When authorities arrested Ladan, her mother asked them where they were taking her daughter. One responded, “Ask Jesus Christ to come and release her,” according to Mohabat News. Authorities confiscated many of her belongings, including her laptop, camera, books and photos.
Five Christians who were arrested on Feb. 8 in the southern city of Shiraz are still in prison at the Adel-Abad prison. The families of the five Christian converts have not been able to receive information about them and have been told that they could not be released on bail, according to Mohabat News. Their names are Fariba Nazemian, Mojtaba Hosseini, Homayoun Shokoohi, Mohamad-Reza Partoei and Vahid Hakkani.
Three other Christians arrested from the same group on Feb. 8 in Shiraz were released on bail after 36 days in police custody. They are awaiting a court date, according to Mohabat News.
The five Christians who are still in prison have reportedly been interrogated by an assistant prosecutor of the Revolutionary Court of Shiraz, but charges against them are unknown.
On April 11, Iranian authorities released Fariborz Arazm, 44, a Christian convert, from Evin Prison in Tehran. Arazm had been arrested at his residence in October in the area of Robat Karim, just south of Tehran. Authorities had ransacked Arazm’s house, confiscating Bibles, photos, CDs and his computer hard-drive among other items, according to Mohabat News.
Authorities reportedly charged him with being in contact with missionaries and of promoting the Christian faith among Iranian Muslims.
Arazm was held in Rajaei-Shahr prison in Karaj, where he was kept in solitary confinement for 21 days. He was later transferred to Evin’s Ward 350 for further interrogation. Arazm was held in Evin for six months, according to Mohabat News.
» 12/05/2012 11:20
Indonesia, gruppo paramilitare islamico difende cristiani, indù e buddisti
di Mathias Hariyadi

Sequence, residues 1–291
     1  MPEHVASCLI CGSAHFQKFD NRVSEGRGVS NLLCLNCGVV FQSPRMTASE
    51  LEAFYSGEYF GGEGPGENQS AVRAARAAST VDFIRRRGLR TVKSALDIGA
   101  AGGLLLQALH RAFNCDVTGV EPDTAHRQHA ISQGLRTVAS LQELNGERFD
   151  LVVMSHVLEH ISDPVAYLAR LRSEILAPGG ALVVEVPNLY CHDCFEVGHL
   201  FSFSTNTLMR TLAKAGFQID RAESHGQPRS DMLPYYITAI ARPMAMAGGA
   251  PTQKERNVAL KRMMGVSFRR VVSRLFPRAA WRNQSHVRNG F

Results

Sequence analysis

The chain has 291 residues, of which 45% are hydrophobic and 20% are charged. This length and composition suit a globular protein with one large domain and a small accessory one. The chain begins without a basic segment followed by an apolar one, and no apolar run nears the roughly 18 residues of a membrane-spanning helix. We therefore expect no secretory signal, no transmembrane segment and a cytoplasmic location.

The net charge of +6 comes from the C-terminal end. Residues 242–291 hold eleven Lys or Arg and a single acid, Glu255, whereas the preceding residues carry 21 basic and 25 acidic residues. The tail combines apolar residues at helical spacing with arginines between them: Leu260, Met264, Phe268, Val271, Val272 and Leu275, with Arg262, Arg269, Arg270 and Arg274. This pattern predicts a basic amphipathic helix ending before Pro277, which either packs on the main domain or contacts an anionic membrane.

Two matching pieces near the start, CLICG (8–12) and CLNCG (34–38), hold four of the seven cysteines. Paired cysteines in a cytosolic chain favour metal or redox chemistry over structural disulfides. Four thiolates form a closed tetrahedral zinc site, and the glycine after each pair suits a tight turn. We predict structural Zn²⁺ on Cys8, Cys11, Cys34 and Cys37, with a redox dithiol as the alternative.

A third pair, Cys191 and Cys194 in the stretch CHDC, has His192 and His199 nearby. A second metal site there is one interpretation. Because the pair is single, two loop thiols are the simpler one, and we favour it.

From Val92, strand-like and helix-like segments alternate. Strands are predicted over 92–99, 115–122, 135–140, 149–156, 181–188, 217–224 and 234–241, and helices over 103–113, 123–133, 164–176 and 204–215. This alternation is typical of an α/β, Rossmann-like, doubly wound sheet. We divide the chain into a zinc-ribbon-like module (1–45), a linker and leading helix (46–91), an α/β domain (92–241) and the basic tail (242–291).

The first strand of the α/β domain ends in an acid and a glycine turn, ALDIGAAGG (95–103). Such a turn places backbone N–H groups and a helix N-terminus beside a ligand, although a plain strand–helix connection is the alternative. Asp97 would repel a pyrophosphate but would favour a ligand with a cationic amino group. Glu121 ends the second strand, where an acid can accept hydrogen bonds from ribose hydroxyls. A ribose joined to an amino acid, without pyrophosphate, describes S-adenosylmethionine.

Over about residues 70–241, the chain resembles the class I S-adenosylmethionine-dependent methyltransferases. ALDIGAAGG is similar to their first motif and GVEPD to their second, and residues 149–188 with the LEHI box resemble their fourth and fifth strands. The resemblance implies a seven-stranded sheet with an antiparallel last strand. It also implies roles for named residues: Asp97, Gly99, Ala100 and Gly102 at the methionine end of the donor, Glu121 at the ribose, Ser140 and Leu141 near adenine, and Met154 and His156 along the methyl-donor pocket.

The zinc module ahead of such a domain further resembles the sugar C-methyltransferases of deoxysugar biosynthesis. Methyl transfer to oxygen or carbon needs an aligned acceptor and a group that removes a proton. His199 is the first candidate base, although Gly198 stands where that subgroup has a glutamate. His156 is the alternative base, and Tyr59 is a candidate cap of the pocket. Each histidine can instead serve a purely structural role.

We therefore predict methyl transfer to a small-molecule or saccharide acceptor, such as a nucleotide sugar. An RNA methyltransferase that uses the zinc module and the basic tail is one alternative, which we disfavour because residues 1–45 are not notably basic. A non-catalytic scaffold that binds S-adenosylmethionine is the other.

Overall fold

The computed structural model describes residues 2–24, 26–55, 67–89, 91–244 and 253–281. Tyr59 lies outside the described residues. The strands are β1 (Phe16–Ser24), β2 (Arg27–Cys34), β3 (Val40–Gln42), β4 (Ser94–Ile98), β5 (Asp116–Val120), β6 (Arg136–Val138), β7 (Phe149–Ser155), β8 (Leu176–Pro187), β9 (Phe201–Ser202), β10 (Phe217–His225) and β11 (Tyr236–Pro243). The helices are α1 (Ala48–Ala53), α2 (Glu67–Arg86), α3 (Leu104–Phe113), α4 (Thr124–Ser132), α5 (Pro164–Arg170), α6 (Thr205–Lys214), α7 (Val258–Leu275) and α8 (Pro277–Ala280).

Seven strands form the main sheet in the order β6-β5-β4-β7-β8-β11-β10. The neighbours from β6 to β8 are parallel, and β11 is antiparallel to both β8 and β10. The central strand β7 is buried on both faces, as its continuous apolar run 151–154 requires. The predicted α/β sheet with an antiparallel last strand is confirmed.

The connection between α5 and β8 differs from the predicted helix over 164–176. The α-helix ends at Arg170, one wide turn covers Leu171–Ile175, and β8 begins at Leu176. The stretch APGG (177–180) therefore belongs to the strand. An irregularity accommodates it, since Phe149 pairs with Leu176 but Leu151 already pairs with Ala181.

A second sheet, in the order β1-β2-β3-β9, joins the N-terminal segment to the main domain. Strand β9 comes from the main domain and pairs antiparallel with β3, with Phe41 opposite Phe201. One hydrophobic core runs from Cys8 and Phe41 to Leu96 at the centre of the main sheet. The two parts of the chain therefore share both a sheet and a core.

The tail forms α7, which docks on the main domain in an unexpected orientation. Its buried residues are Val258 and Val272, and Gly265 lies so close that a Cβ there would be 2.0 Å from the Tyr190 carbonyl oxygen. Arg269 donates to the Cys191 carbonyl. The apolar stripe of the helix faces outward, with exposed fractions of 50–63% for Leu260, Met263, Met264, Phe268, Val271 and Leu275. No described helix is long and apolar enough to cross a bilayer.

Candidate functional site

Si chiama Banser ed è una costola del Nahdlatul Ulama (Nu), movimento che dal 1926 si propone di proteggere tutte le minoranze del Paese. Di recente, hanno sventato un’aggressione di fondamentalisti islamici contro una scrittrice canadese. Secondo i membri del Nu “musulmani e cristiani credono nello stesso Dio”; la diffusione dell’islam radicale dipende “dal governo, che li appoggia per timore di perdere voti”.
Yogyakarta (AsiaNews) - Minacciata di morte da gruppi fondamentalisti islamici per aver scritto un libro che parla di islam e libertà: è accaduto a Irshad Manji, giornalista e scrittrice canadese, in Indonesia per promuovere il suoAllah, Liberty and Love. Da settimane, esponenti di movimenti radicali impediscono all'autrice di presentare il volume, spesso aggredendo chi partecipa agli incontri. Soltanto durante un discorso tenuto nella sede della Free Journalist Alliance a South Jakarta non vi sono state aggressioni, grazie all'intervento di membri del Banser, gruppo paramilitare delNahdlatul Ulama (Nu), movimento musulmano sciita che difende le minoranze etniche e religiose del Paese.
Fondato nel 1926 da Kiai Hajj Hasyim Ashari - nonno del defunto presidente indonesiano Abdurrahman Wahid, detto Gus Dur -, negli anni è divenuto una bandiera dell'islam moderato. Dal Nu sono poi nati l'unità paramilitare Banser e l'ala giovanile Gerakan Pemuda Ansor.
Kiai Hajj Nuril Arifin Husein, leader musulmano di Semarang (provincia di Central Java), spiega ad AsiaNews: "Il vero islam sostiene lo spirito di tolleranza e amore tra gli esseri umani. Con i cristiani, crediamo nello stesso Dio. Le differenze sono nel modo di praticare la nostra fede: non c'è motivo di preoccuparci di chi esercita la fede in modo diverso da noi. I leader musulmani dovrebbero mettere in pratica questo spirito di tolleranza, invece di parlarne soltanto in seminari e conferenze".
Secondo Aan Anshori, un membro nel Nu, il problema in Indonesia è che "il governo teme di perdere l'appoggio dei gruppi fondamentalisti musulmani", e per questo non prende le misure necessarie per fermarli. "Se osserviamo le aggressioni a Irshad Manji - spiega - erano sempre di radicali islamici: nel libro parla di libertà [al hurriyah], giustizia [al 'adalah] e uguaglianza sociale [al musawwa]. Idee che questi gruppi non comprendono".